Science: Grape Profile: NOIRET
Noiret (nwa-RAY) marks the first {hybrid} grape I’ve had since I decided to begin my quest to drink wines made from 100 different hybrid grapes, and it’s a good one to start with. It was released by Cornell University in 2006, though it had been available for test runs by growers since 1994. It has a complex interspecific parentage, being a cross between Steuben, commonly a table grape, and the not-so-artfully-named NY65.0467.08, of which one of the parents is Chancellor. Its lineage includes vinifera, labrusca, and ruspestris grapes. Its major aroma characteristics seem to be black pepper and some dark fruit. In general, when I think Noiret, I think pepper.

According to John Iszard, Fulkerson has apparently been making wine from Noiret since 2003 and they are very pleased with its performance. I have heard through the grapevine (HA!) that vegetative growth (i.e., favoring leaves and shoots over fruit) can be a concern with Noiret, and viticulturalists at the Geneva Experiment Station are still experimenting with different rootstocks to control vine vigor. This grape’s performance so far makes it promising, especially given the complexity that a little pepper can add to a wine. Look for this one to appear as a blender in many wines in the future.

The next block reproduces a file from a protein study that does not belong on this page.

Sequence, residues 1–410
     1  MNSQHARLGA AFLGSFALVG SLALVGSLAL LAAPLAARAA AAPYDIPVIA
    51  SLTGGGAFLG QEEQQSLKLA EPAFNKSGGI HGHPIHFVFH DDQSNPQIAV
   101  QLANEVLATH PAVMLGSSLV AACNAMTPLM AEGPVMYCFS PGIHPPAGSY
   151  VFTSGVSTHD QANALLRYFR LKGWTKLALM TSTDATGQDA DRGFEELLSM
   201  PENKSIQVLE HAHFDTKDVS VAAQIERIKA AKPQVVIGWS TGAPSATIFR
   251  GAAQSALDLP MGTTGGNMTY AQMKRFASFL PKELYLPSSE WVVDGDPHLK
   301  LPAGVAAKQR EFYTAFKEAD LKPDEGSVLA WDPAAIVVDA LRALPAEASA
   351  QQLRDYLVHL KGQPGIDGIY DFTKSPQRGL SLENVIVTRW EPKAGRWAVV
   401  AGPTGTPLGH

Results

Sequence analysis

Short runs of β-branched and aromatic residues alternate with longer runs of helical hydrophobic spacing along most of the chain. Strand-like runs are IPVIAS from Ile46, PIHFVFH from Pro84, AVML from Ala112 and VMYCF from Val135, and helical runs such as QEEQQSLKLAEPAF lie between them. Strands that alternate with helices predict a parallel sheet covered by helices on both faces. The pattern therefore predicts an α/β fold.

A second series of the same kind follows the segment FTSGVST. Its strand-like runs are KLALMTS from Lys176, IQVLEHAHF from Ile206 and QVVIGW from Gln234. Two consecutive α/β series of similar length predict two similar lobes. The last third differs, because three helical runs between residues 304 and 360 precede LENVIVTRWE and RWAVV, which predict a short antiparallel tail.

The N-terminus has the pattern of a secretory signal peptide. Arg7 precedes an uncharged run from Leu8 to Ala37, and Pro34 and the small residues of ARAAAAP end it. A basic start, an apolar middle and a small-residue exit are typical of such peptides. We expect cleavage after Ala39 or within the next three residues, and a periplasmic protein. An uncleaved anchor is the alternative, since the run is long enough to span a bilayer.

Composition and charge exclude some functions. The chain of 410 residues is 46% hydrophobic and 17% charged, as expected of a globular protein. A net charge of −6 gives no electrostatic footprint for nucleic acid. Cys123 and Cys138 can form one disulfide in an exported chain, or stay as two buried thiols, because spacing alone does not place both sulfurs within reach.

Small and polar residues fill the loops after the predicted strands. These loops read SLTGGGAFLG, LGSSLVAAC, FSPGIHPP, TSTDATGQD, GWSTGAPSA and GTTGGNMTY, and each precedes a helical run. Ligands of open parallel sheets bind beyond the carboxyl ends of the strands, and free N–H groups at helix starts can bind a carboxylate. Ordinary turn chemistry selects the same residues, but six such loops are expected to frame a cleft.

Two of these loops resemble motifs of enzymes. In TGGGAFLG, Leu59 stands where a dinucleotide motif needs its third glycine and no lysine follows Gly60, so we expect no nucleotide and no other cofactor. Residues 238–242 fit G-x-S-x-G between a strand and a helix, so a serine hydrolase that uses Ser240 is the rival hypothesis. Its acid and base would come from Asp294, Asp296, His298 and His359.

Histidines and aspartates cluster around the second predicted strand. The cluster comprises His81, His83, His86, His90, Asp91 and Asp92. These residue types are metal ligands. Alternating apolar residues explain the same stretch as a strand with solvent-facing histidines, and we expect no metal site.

For the full details on this grape, see this bulletin released by Cornell.

Smoke on the wine

photo-9

A "meh" picture for a "meh" wine.

Americana Vineyards Cabernet Franc (N/V)
Varietal:Cabernet Franc, Baco Noir??
ABV: not labeled, (“table wine”) is it that hard to get your alcohol measured?!
Price Point: $18
Notes:
Looks: reddish-violet, pretty intense
Nose: Smoky*, vanilla oak on the nose. Toasty, chocolatey, I am smelling a lot of oak and not much wine. Kind of smells like a roasted marshmallow. Other than that, not much to offer.
Palate: I get smoky, oaky flavors on the palate, followed by straight up, somewhat harsh acidity and a short, bitter finish. You know, I wouldn’t be surprised (just guessing here) if this were blended with a bit of Baco Noir, a red {hybrid} which to me has an unmistakable smoky aroma, to add some color. Baco is found in a lot of other Americana wines as well…

Rating: 1.5 corks corkhalfcork for a thin, acidic, smoky wine.


Americana Vineyards has its benefits. It’s one of the closest wineries on the Cayuga Wine Trail to Ithaca. Their tasting room is a big barn with a nice bar and ambience and live music on Sunday nights. Also, it’s usually open until 6 so when you get kicked out of your last winery at 5 or 5:30, you can always stop there on the way home. Also, one of their wines, Sweet Rosie, a dessert wine, comes with a piece of fudge. Um, and they have big wine dogs. I think that’s about it for me.